Last week the Mrs and I visited Clacton, a town I know quite well having lived nearby and attended school there in the 60s and I somewhere I have visited frequently during the 50 years since to see friends. During the visit we decided to walk off the effects of the car journey with a stroll along the promenade to the north of the pier, the area I know best.
We noticed they had recently done quite a lot of work to the lower promenade. As far as I know the quiet out of centre promenade north of the pier, with rows of beach huts on one side and a low wall with steps opening down to the beach every 100 yards or so on the other, hasn’t significantly changed since I first walked along it as a child. But this time we found quite a bit of repair work had been done and some whole sections of the pathway recently replaced and realigned. Then we realised that it wasn’t just one beach access that was blocked by work but that all the openings down to the beach along that stretch of promenade had been blocked with orange barriers and a notice as shown in the pic above.
The sea off Clacton is very shallow in places and there are a number of large sandbanks all round that section of coast, extending right round East Anglia and down into the Thames, many are shallow enough to break surface at low tide. It’s these sandbanks (once the bane of pirate radio ships in the winter storms) that are now being used to base offshore wind farms, like the large Gunfleet sands wind farm 4 miles off the coast at Clacton. However the East Anglia coast and the sandbanks are not stable, and never have been. Dunwich in Suffolk was one of the most important ports in the UK some 800 years ago until it vanished under the sea, and all along the East Anglia coast erosion has always been, and continues to be, a problem. I can remember bits of Walton coast road being washed into the sea some 50 years ago. Meanwhile the sandbanks also move and shift naturally with the sea currents, requiring constantly updated charts for mariners to avoid the shallows and find the safe channels.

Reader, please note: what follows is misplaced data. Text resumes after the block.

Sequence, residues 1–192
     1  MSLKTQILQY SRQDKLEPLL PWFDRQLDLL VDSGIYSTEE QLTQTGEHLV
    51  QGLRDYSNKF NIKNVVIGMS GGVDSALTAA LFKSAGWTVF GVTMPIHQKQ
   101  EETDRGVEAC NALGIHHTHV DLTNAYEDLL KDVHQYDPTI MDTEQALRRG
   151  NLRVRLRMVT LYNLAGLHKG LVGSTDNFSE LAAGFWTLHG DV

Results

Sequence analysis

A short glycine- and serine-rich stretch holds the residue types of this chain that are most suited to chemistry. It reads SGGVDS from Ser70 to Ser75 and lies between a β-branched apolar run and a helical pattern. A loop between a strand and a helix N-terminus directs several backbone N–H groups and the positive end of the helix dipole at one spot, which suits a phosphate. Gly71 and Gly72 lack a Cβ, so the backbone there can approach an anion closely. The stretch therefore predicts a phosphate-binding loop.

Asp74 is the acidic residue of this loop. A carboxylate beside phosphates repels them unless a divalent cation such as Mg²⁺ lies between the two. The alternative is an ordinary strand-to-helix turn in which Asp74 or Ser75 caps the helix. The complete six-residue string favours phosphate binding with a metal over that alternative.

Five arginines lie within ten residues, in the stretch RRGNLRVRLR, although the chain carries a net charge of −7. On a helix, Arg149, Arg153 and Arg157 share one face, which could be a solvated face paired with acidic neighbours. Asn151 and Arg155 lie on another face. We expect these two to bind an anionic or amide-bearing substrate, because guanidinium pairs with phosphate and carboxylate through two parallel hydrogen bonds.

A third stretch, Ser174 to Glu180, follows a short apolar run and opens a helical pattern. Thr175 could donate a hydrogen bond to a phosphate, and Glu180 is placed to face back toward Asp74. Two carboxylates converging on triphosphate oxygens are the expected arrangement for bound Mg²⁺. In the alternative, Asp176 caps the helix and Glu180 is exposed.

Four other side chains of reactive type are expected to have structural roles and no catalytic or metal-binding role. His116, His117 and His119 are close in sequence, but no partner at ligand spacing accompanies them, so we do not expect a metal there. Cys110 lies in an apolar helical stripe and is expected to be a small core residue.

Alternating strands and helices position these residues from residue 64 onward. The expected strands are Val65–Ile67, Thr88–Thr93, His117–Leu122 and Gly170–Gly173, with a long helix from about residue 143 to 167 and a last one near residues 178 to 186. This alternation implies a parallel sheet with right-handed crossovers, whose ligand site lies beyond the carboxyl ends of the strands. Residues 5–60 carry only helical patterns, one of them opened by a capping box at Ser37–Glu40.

So guess what happens when you take an area of high currents, shifting sandbanks and unstable coastline and fill the shallow sandbank areas with a wind farm that obstructs the sea currents? It’s obvious to anyone except an environmentalist isn’t it! The sea currents change, in this case suddenly and significantly in the 3 years since the wind farm was commissioned. As a result one end of Clacton front is now drowning in heaps of sand that’s being washed up and dumped along the coast. At the other end of Clacton the beach has been washed away, the sand scoured out by the currents leaving the beach area unsafe and unusable and the promenade now being undercut and made dangerous, requiring massive repairs. I’m told by a local boat enthusiast that the sandbanks too are changing and shifting rapidly due to the changed currents, making charts go rapidly out of date with the consequent danger to everyone with a boat. And this isn’t just small pleasure boats, this bit of channel is on the way to some of our biggest ports like London, Felixstowe and Harwich.
The more educated person might wonder what’s being done about the problem, and how much work is being done to assess the damage and mitigate it. But sadly that’s not happening. What is happening is the intention to build yet another huge wind farm next door to the existing one. It’s a hackneyed phrase but you really couldn’t make it up could you?
The Truth is that we are unaware of all the effects of off-shore wind farms and such nuggets of information that trickle down are very worrying. Certainly we know that there are three classes of people that we cannot trust: WF Developers, Consultants and Politicians. You may enjoy more from the Grumpologist